With paradigm and paradigmatic, just as with phlegm and phlegmatic, English only allows that g to be sounded when you can split a syllable. (The unassimilated version with a final ‑a technically does still exist, but the OED calls it “rare”.)
This is all because the phonotactics of English (the rules for how one can arrange its phonemes) do not permit a /g/ followed by a nasal at the end the word. You see the same thing occurring with diaphragm, or for that matter with the simpler phlegm, about which the OED writes that:
The g has probably never been pronounced except in disyllabic forms in ‑a.
Indeed, this same thing happens with all the words with a g and a nasal at their end, including
None of those is pronounced with a /g/, and probably never has been in English. At most they once had a /ɲ/ sound there way back when they ended with an unstressed vowel that we no longer write, all thanks to French.
When these words came into English, standard spelling did not yet exist. Many passed through French, where they were written with a final ‑e, or were modelled after words that were. French for example has paradigme, diaphragme. And words with a final unstressed ‑e like those came to be written without it once it stopped being said, at which point there was no chance to put the /g/ in one syllable and the nasal is the next.
You might as well ask why the g is “silent” in the Italian city of Bologna, pronounced of course with a geminated or “long” /ɲ/ in Italian or as /nj/ in English. In Italian, just as in French, the wheels of time have ground it down so that the ‹gn› spelling is now a digraph (a two-letter combo) representing /ɲ/, not as two separate letters each with their own sound.
Notice how that same thing happens with the French region of Bourgogne (Burgundy in English). Even when it’s spelled Borgogna in Italian, nobody “says” that g in French or Italian. It’s got a /ɲ/ phoneme there, which is why the Spanish sensibly spell it Borgoña to avoid confusing people.
We tend to keep the written ‹g› in English words like this, even though we “can’t” say it there at the end of the word right before that final nasal. This helps us understand the shared relationship with longer words like paradigmatic that have a vowel after the nasal, which allows the /g/ to “reappear”. But we probably no more ever said it in paradigm(e) than we ever said it in phlegm. Our phonotactic rules forbid it.
This likely also explains why apophthegm from Greek ἀπόϕθεγμα is more often spelled apothegm these days. We can’t say a lot of those letters, so we’ve given up writing them.
In comments, someone asked why aligning doesn’t cause the /g/ to “reappear” in split syllables as it seems to with paradigmatic (cf. French paradigmatique). The answer is that ‑ing is an English verbal inflection not a Classical or Romance one, but align the verb came to us from Middle French alinher, now¹ spelled aligner in Modern French. That means ther was never a /g/ phoneme for anyone there historically the way there was in the Greek παραδειγματικός. Part of the real, spoken language, our ‑ing verbal inflection in English is 100% regular with zero exceptions, so it cannot produce something out of nothing.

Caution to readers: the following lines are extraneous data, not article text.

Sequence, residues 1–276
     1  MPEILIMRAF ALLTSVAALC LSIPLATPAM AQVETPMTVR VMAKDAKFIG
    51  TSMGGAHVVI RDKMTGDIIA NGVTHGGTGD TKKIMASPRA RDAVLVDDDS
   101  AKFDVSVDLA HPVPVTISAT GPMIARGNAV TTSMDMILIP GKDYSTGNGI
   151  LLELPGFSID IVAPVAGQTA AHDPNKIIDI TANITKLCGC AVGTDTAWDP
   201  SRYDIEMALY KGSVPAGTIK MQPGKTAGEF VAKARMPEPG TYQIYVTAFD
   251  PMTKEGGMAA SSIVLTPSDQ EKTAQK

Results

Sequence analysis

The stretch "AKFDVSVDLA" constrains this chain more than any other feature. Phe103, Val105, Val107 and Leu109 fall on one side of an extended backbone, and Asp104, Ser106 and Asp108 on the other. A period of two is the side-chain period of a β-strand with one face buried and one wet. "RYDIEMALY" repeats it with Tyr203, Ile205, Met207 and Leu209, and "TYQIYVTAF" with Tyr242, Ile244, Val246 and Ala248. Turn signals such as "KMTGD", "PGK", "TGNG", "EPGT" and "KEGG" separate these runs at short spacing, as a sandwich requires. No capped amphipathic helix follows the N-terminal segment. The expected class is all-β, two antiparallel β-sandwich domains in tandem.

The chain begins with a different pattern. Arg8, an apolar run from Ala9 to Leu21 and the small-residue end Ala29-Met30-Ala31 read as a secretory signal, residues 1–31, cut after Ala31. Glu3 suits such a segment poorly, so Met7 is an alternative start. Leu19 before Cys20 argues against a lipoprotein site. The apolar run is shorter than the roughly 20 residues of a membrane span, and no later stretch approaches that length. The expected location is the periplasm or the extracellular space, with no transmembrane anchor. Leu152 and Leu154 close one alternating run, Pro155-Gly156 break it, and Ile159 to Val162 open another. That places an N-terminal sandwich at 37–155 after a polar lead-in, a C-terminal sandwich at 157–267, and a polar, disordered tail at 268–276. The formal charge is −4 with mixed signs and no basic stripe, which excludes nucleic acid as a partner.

In comments, the asker further inquired as to whether the word went through a bunch of different spellings historically the way phlegm did, and why the last syllable has a diphthong:
“Middle English fleem, fleume, from Old French fleume, from late Latin phlegma ‘clammy moisture (of the body)’, from Greek phlegma ‘inflammation’, from phlegein ‘to burn’. The spelling change in the 16th century was due to association with the Latin and Greek.” was there a similar change in spelling for paradigm? I didn't find anything. And why the /ʌɪ/ sound and not /ɪ/?
The answer to these questions is that paradigm didn’t show up in English until hundreds of years after the word we now spell as phlegm did. For paradigm, the first actual English citation (rather than Latin) is from 1493 in Caxton, written paradygmes and translating French.
And the reason it’s today pronounced [ˈpæɹədʌɪm] or [ˈpeɹəˌdɑɪm] with a diphthong in the last syllable is because the Great Vowel Shift² notoriously changed the “long” i sound /iː/ into a diphthong. English spelling was more or less frozen before the GVS, which explains a great deal of confusion compared with the standard Latin values for vowels that everyone else but us uses.
Because the ‹nh› and ‹gn› digraphs represent the same /ɲ/ phoneme under different orthographic traditions. Old Occitan / Provençal, being langues d’oc, used ‹nh› for it, as does Catalan which is also in that group. The Galician–Portuguese language deliberately broke from Castilian orthographic habits and instead adopted ‹nh› during the early 1300s thanks to the famous poet Dinis I, king of Portugal and the Algarve, because of the prestige position which the troubadours’ tongue held in that age. In contrast, the “langues d’oïl” branches of French, of which Modern French is a descendant, used the ‹gn› digraph just like Modern Italian does for this /ɲ/ sound. Castilian and Asturian use ‹ñ› (earlier ‹nn›) for the same /ɲ/ sound in those languages as the ‹nh› and ‹gn› digraphs do in theirs. Uncountably many research papers and scholarly tomes have been written about the origin of the palatalized nasal [ɲ] and lingual [ʎ] sounds during the transition from Latin to Modern Romance, no matter the spelling.
The GVS was a chain shift that reassigned new sounds to all the long vowels in English in a bizarre way that all other users of the Latin alphabet forevermore hate us for. :)